Street Gang: How We Got to Sesame Street (2021) – review

We often regard the eternal question as ‘What is the meaning of life?’ or ‘Are we alone in the universe?’, but it’s actually ‘Can you tell me how to get, how to get to Sesame Street?” I have my own theory that it’s somewhere in Greenwich Village, but truth be told, Sesame Street exists in our hearts and minds, not to mention millions of television sets.

Street Gang: How We Got to Sesame Street, produced the by HBO Documentary Films, traces the origins of the landmark PBS children’s television program that began way back in 1969, changing the way the household medium was used on impressionable and developing minds; available now on DVD for non-HBO subscribers from Via Vision Entertainment, who have produced a content-rich edition.

Having seen much of classic Sesame Street when I was a kid, including the feature film, Follow that Bird, Street Gang was a very nostalgic ride. I was pointing out so many familiar segments and characters that I was practically that Leonardo DiCaprio meme from Once Upon a Time in Hollywood. While it’s not a comprehensive history, we learn how and why Sesame Street came about. We owe our gratitude to socially conscious individuals working in the industry, appalled by how corporate America was using TV to sell candy to kids via cheap gimmicks with no educational value.

With a clear emphasis on diversity, the array of characters, both human and muppet, add to the program’s inclusive quality. However, the radical mood of the late 60s found its way in through Matt Robinson, the original actor to play Gordon, who was later replaced by Roscoe Orman for a more toned-down version of the African American family man.

Much of this documentary offers a lot of behind-the-scenes footage, which gives the mostly unseen puppeteers due credit for their tireless efforts in bringing Jim Henson’s creations to life, in addition to showing just how much of a well-oiled machine Sesame Street was, with a stable of immense talent I think most of us didn’t realise existed until now.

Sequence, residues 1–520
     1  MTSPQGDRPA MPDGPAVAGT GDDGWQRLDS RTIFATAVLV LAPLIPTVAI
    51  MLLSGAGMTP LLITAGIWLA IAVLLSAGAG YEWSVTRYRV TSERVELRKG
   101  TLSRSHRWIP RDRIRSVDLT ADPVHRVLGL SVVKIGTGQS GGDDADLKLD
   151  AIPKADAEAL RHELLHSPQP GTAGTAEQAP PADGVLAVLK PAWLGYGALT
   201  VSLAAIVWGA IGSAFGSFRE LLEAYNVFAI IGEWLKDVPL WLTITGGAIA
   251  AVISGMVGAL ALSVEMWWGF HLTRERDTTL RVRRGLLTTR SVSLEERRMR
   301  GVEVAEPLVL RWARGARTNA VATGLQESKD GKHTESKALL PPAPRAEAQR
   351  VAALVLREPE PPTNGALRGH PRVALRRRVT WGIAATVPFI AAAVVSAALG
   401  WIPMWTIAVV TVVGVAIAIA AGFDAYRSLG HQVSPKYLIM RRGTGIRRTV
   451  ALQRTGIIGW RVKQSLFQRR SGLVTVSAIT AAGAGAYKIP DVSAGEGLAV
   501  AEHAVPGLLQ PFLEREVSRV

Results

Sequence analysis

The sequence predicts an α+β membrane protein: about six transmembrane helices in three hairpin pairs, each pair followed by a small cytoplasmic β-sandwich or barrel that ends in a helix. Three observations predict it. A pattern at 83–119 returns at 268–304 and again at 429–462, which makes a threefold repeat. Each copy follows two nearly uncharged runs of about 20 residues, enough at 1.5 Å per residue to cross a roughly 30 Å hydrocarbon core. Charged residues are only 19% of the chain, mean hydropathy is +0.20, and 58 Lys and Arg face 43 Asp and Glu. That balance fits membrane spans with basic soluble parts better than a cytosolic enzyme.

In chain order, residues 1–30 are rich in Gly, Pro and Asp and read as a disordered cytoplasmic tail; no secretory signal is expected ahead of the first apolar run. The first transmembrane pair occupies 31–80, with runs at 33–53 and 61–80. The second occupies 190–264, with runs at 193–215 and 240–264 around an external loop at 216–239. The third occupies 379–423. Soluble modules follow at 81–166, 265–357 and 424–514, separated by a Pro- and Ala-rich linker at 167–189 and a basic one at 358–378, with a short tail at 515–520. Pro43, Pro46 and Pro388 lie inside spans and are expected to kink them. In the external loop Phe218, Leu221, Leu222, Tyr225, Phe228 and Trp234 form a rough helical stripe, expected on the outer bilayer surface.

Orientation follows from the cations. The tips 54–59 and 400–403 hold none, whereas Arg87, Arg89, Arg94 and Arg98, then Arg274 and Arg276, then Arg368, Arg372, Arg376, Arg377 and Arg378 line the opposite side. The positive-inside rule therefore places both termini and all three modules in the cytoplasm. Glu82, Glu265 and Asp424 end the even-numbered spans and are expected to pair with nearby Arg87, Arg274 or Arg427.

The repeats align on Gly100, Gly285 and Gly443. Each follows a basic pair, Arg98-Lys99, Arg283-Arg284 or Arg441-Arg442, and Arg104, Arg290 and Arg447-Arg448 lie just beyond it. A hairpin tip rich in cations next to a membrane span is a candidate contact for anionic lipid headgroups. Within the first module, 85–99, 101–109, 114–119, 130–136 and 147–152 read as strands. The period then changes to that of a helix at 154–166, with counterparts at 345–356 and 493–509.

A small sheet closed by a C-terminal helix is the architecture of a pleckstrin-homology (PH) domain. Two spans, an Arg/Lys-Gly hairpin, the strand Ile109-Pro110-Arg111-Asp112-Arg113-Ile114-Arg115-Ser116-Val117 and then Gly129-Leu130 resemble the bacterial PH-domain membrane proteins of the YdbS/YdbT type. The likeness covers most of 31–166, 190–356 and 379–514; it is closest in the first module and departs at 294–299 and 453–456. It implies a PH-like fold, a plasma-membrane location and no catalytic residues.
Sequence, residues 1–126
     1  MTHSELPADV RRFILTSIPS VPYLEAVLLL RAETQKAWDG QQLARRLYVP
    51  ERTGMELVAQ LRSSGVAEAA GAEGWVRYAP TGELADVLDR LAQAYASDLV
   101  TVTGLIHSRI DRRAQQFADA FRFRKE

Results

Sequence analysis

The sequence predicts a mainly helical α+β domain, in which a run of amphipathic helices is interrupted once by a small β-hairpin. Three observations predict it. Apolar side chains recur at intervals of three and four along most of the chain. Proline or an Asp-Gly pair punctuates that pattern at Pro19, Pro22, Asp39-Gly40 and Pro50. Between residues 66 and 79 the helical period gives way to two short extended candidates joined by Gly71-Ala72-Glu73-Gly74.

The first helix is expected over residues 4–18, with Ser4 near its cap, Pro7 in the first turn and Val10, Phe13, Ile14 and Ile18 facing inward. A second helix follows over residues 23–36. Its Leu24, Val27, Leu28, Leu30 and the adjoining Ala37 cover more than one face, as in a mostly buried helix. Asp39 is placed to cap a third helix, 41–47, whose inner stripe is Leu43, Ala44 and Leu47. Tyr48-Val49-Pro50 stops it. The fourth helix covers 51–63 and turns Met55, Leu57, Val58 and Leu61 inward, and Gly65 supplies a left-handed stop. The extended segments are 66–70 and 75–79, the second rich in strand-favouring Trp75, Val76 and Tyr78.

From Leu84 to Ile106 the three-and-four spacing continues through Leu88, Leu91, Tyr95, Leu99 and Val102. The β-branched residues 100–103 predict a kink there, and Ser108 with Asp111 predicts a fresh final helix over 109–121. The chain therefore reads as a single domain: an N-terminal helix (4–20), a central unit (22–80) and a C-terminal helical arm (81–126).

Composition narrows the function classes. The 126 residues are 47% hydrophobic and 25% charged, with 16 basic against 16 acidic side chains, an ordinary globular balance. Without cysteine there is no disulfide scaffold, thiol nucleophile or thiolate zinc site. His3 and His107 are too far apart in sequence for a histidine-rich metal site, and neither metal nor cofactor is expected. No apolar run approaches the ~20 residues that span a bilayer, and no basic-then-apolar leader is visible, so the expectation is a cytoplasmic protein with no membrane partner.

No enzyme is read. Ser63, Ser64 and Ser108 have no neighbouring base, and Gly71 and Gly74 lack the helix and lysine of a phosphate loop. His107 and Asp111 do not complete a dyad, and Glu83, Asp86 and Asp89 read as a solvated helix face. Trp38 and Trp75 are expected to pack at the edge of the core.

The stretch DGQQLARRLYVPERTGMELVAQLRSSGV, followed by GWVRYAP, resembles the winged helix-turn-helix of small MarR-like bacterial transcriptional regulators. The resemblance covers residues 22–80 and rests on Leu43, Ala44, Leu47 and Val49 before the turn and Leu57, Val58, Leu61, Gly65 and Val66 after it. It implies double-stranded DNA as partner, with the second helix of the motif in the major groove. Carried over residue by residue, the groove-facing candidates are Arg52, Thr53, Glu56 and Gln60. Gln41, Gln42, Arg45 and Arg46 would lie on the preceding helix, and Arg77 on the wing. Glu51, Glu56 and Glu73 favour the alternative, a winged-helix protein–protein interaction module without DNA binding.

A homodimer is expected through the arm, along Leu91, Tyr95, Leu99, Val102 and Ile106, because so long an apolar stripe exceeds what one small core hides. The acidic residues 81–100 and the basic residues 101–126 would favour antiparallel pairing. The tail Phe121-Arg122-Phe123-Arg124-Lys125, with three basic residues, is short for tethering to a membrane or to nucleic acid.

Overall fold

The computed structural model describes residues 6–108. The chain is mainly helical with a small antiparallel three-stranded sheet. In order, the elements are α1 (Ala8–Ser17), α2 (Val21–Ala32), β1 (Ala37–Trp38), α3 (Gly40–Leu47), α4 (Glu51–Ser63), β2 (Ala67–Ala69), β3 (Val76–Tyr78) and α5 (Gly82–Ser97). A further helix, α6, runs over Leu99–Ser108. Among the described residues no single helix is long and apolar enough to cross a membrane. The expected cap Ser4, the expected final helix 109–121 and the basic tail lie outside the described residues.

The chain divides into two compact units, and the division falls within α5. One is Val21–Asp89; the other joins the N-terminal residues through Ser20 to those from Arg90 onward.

Contrary to the abundance of HD content on our screens, the inferior DVD format still maintains the majority market share of physical media sales in Australia and is a viable means of availability for niche titles like Street Gang. NTSC formatted in 2.35:1 widescreen, this SD rendering still manages to impress on modern televisions, far removed from the tube tellies of decades past. 5.1 surround helps with “sweepin’ the clouds away” offering quality immersive sound while 2.0 stereo sounds just as good but obviously more limited.


  • Jerry and Richard: The Puppeteers
  • When it Went Wrong: The Muppet Outtakes
  • Joe Raposo: The Musical Genius
  • Sunny Days: The original Song
  • Sounds of Sesame Street Featurette

Bonus content is basically a continuation of the film, or what they couldn’t fit in without blowing outrun time, but it’s great material nonetheless, especially ‘The Sounds of Sesame Street’, which speaks to the level of creativity and imagination of those working behind the scenes. Funnily enough, the DVD itself is almost a throwback to the early 2000s, when extra content was literally that and with a ‘Play-All’ button, which is a rare sight these days. If you’ve spent the past 20 years obsessing over the format’s mechanics as I have, you’ll understand what I mean.

Charles Manson horrified America in August of 69, but it was Big Bird who would later help heal a nation’s weary soul and warm people’s hearts along with a fictional community who have since been welcomed into homes by generations and the world is all the better for it.

(2021, director: Marilyn Agrelo)



direct dvd screen captures



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